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6 Holiday Gifts From the Garden

2014.12.15


Your garden holds an abundance of gift ideas for your nature-loving friends — wreaths, bee houses, framed photos and more

If I won the lottery, I’d give all of my friends new sports cars for the holidays, but I’m not sure that would mean as much as making something from my garden with my own hands. It’s amazing what the garden can give us in every season of the year — so much beauty, life and hope in each seed and stem. If you have some wildlife-loving folks near and dear to your heart, or you love wildlife yourself, the following gifts might fit the bill.

Urban Hedgerow

Build a hub for bird nest material. Hollow out a log or branch and fill it with seed fluff, grass and twigs. Then attach a screw eye or picture wire to hang it outside. Birds will come in spring to pick out what they’d like to build their nests with. It’s fun to watch.

Benjamin Vogt / Monarch Gardens


Weave an artful wreath. My friend Bob Henrickson makes lovely wreaths for local folks. Using seed heads found in the wild from some common native plants, he created this wonderful and, dare I say, seasonal and festive, wreath to decorate a centerpiece or door. You could even place a pillar candle in the middle of one your make yourself.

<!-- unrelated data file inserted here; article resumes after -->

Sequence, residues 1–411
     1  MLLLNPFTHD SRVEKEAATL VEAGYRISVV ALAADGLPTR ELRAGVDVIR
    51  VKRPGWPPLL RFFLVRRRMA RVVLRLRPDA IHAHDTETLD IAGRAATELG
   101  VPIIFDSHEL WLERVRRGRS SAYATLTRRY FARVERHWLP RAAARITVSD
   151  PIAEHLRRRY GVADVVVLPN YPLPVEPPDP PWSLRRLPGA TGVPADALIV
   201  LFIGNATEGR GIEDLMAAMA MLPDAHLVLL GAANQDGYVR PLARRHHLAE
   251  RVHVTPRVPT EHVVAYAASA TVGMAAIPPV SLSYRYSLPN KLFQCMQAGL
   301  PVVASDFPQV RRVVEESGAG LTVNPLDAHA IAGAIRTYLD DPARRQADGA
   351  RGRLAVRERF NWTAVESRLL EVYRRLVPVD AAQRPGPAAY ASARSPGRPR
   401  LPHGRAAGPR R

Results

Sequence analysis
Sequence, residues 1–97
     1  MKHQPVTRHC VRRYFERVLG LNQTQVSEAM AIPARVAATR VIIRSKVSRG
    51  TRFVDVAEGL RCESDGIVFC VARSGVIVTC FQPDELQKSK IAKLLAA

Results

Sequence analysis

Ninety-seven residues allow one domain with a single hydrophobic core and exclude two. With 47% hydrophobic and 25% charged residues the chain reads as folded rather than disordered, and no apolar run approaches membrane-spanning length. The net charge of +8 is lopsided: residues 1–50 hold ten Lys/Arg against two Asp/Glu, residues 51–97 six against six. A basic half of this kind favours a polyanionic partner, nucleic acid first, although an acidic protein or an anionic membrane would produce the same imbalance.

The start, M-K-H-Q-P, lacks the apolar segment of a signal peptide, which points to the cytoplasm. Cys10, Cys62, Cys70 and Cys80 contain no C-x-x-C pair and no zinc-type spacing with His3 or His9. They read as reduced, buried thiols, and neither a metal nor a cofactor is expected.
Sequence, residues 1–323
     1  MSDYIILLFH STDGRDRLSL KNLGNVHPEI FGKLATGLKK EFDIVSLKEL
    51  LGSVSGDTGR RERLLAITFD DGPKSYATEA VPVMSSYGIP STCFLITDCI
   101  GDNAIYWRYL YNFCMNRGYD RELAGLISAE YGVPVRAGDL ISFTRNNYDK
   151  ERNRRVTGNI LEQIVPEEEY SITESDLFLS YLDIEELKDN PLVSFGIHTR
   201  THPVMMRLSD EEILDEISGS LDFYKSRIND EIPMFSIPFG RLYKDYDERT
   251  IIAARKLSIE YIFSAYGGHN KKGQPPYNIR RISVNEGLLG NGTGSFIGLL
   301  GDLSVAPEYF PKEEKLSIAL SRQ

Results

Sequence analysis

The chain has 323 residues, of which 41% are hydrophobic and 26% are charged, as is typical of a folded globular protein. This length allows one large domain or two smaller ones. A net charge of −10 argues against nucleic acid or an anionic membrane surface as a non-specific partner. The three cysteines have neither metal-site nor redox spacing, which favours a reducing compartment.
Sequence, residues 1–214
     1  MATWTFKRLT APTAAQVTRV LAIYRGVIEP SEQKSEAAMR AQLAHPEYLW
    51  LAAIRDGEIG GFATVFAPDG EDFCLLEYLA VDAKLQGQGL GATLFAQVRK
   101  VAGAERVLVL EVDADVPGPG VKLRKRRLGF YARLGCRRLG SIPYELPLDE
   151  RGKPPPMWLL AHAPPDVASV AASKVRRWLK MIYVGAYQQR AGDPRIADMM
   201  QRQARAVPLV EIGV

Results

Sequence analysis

Urban Hedgerow

Bring the bees home. Many of our beneficial native bees nest in wood cavities and hollow-stemmed plants. Build a structure and insert stems in it until they’re snug. Vary the widths of each stem, since some bees prefer large holes and others prefer small ones. Make sure any wood you use is untreated, which will ensure it’s not toxic to bee larvae.

Benjamin Vogt / Monarch Gardens

Even simpler, bundle the hollow stems you gather, cut them to similar lengths and tie them with an artful ribbon. I didn’t use an artful ribbon for this one, so I’m sure you can do better. (Please share pictures in the Comments if you do.)


Benjamin Vogt / Monarch Gardens

Make a living ornament. There isn’t much to dislike about milkweed (Asclepiasspp). It puts on an especially beautiful show in autumn. Gather some of that fluff and put it into a clear holiday ornament. Whomever you give it to can display it on the tree or elsewhere inside. After the holidays they can remove and sow the seeds outside.

Benjamin Vogt / Monarch Gardens

Arrange a winter bouquet. I don’t pretend to be a floral designer. Still, I put together this simple arrangement featuring native little bluestem grass, pink turtlehead and anise hyssop. This could serve as a dinner table centerpiece or something nice for the coffee table. Try to mix textures — I went with the large leaves and dark seed heads of turtlehead to contrast with the fine, feathery texture of little bluestem.

 

Source: Houzz

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